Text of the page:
“Most of the region needs additional time to quickly build additional capacity beyond the short time window,” said Vanessa Ledesma, acting CEO and General Director of CHTA.

JamaicaTourism Minister Edmund Bartlett appointed a special task force to increase testing capacity in response to growing demand. The USA is the country’s largest tourism source market.

He said the task force will work with stakeholders from the Department of Health and Wellness and Tourism in both public and private sectors “to strengthen Jamaica’s capacity to bring large-scale Covid-19 testing to visitors” , he said.

On-site tests at selected resorts in Ocho Rios, Montego Bay and Negril are in the works, according to the Jamaica Tourist Board.

The Bahamas is well positioned to adhere to the new order, according to Dionisio D’Aguilar, its Minister for Tourism and Aviation. Currently, visitors to the Bahamas who stay longer than five days are required to perform a rapid antigen test at a number of test locations approved to conduct the tests, which can be found at bahamas.com/travelupdates.
Baha Mar, for example, offers on-site Covid-19 tests on arrival and departure, with both PCR and rapid antigen tests available in the Nassau resort complex.

“Our journey has not been without bumps in the road, but we have made great strides in combating this virus, as evidenced by the small number we have achieved,” said D’Aguilar.

Eusi Skeete, US director, Barbados Tourism Marketing Inc. says the country is in the process of developing a solution for travelers leaving for the United States and not burdening the current healthcare system.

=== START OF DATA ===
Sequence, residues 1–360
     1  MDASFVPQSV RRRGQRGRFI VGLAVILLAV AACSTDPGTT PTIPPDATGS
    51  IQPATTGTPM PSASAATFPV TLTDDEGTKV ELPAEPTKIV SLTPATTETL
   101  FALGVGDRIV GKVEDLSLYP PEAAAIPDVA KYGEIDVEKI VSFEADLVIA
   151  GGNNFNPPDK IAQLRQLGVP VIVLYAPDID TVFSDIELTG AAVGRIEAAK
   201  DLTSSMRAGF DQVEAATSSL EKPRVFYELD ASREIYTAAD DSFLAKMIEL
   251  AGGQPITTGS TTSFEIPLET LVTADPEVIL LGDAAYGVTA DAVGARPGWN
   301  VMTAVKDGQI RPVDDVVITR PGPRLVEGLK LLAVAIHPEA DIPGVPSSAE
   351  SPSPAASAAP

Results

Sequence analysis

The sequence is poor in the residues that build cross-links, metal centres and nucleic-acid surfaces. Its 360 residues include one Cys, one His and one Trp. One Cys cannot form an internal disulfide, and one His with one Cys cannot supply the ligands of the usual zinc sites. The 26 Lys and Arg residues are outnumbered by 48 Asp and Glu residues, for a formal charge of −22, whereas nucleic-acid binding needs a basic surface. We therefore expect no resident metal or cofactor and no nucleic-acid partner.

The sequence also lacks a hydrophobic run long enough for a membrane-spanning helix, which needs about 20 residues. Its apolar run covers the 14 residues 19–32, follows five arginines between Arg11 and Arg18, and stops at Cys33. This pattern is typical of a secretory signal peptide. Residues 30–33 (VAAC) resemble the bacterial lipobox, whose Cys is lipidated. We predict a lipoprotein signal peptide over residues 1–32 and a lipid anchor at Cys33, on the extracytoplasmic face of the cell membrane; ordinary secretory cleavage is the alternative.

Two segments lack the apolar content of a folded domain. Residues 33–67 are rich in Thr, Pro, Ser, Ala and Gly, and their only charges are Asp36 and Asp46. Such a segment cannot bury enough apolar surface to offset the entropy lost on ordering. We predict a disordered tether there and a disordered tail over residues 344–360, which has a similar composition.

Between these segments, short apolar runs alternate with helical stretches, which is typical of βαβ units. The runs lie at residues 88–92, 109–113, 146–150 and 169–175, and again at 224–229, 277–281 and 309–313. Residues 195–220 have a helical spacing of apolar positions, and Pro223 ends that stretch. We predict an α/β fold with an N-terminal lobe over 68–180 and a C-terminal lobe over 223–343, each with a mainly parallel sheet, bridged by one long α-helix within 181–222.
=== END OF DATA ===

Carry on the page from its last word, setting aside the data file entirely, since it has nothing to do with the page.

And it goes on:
A bright light for US travelers returning from the US Virgin Islands is that the test requirement does not apply to them. However, this applies to passengers entering the USVI from another country.

While the CDC requirements will “expand resources to all countries”, particularly with regard to the 72 hour window, Antigua and Barbuda “Up to the challenge,” said Colin James, CEO of the Antigua and Barbuda Tourism Board.

According to James, health officials have more than doubled their laboratory testing resources to meet the expected surge in testing demand. Additional swabs and test kits have been ordered in anticipation of this development, he said.

Glenn Jones, Interim CEO of Bermuda The Tourism Bureau said: “We expect the government here to adapt quickly to the new pre-arrival testing protocols that many countries have put in place. Even before this solution is finalized, travelers can book their private test with a licensed doctor Negative Covid-19 test result within the required 72 hour turnaround. “Bermuda on the island testing resources are listed at gotobermuda.com.

Numerous comments from consultants on the Travel Advisors Selling The Caribbean Facebook page reflected frustration with the regulation. One agent wrote, “Let the cancellations come in … I can’t do this again.” Another said that “guests do not want to stop their vacation to take a test and the CDC has not considered the islands’ availability for Covid testing.”

Another agent tried to reassure her colleagues in the mail: “At the end of the day, the resorts won’t want to lose any business, so they’ll find a way to get their guests tested.”